First in her family to own a home, Habitat for Humanity

First in her family to own a home

This spring, Diane Chambers became the first member of her family within living memory to own her own home. Though it was a long time coming, it was still hard to believe. “It changes my life dramatically,” the retired school teacher says.

Previously, says Chambers, everyone in her family lived in big cities. “Homeownership was not something that anyone really did,” she recalls. “And it was something that not everyone could afford, of course.”

When she moved to New Jersey from New York City, where she taught high school in the Bronx, Chambers took a job at a local nonprofit, and that’s where she connected with Habitat Burlington County. “I would take young folks to volunteer, and I volunteered, too. But it never crossed my mind to look into a house for myself.”

Then she changed her mind. “I thought, ‘Just go ahead and apply.’ I never thought I’d be the first in my family, but I always wanted to own. ‘Make the possible out of the impossible,’ I like to say.”

The Habitat house, she says, has done just that. “I realized I didn’t have to depend on things outside myself anymore,” she says. “I had the tools to do whatever I wanted to.”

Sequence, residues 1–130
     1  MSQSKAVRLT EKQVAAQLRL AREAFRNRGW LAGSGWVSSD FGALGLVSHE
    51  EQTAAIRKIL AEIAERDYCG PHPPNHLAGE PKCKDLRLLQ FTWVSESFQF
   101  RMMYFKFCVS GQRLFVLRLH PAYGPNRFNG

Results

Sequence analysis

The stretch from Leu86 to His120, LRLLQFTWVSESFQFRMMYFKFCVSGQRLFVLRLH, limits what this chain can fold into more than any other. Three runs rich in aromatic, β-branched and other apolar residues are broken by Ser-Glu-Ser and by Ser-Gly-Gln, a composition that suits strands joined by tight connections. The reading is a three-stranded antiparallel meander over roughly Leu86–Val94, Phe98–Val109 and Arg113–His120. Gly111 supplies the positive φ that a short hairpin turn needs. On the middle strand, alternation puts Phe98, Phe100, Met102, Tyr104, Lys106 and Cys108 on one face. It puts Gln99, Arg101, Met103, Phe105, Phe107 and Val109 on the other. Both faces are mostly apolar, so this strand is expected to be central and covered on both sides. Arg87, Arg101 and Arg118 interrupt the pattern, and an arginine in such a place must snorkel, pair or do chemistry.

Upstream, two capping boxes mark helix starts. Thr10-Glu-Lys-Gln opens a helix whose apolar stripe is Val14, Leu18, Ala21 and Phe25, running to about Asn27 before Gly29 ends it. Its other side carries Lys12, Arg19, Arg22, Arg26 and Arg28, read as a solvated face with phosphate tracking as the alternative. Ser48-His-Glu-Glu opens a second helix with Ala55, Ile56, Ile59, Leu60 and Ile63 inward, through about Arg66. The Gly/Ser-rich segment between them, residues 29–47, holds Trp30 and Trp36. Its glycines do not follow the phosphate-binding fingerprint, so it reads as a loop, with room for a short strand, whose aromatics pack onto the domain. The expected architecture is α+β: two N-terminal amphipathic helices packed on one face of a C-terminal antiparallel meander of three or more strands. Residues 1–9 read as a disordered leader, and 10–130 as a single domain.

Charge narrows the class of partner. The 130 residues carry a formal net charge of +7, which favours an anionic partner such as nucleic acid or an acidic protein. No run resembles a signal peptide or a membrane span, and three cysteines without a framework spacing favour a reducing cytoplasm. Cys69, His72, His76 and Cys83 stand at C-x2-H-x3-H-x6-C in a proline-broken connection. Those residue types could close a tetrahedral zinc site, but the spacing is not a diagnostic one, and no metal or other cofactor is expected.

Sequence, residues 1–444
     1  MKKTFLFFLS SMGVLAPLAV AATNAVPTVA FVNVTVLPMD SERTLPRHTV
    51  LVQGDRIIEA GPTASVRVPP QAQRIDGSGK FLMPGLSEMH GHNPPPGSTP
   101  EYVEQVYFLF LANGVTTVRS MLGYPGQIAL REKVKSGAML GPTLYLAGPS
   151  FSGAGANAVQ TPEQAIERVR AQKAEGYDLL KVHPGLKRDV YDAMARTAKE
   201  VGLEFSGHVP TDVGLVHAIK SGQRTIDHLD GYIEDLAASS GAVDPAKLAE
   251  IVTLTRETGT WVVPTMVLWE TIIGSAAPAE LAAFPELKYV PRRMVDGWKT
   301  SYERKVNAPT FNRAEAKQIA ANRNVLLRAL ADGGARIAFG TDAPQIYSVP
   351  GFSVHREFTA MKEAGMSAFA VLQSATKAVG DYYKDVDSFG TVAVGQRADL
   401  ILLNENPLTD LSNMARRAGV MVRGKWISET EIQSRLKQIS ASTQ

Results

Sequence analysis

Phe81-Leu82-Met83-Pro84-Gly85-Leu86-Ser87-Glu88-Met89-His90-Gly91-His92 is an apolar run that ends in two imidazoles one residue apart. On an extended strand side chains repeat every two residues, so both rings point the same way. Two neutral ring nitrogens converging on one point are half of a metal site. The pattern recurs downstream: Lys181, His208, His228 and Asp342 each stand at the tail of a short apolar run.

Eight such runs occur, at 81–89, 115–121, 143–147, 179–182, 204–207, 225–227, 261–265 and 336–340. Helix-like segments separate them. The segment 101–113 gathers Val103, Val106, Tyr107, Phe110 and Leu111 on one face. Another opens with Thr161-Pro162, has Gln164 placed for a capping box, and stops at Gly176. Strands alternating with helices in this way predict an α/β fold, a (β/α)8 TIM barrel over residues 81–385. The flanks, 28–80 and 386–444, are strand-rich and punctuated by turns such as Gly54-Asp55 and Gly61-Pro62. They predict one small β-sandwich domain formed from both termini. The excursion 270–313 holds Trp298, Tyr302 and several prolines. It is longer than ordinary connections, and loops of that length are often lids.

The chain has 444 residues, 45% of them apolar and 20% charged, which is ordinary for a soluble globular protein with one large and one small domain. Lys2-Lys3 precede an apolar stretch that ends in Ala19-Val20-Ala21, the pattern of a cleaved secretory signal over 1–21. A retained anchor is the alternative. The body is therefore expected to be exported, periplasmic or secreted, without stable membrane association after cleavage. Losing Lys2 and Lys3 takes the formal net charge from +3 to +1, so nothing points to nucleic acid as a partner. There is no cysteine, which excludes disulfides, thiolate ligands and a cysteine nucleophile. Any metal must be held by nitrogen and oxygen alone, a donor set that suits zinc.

In a nice closing of the circle, Chambers says that at the dedication ceremony she noticed her sister looking closely at the house key. “She turned to me and said, ‘This has the same number as the place we grew up in.’ And she was right: 143. It’s almost like it was meant to be.”

One of Chambers’ favorite quotes is from the 13th century monk Nichiren: “If one lights a fire for others, one will light one’s own way.” It’s an idea she wants to pass along.

“One of the beautiful things about this is everybody who touched that house, all the volunteers, everybody whose heart went into helping build that home,” Chambers says. “It may be my home, but everyone else’s spirit is in there, too.”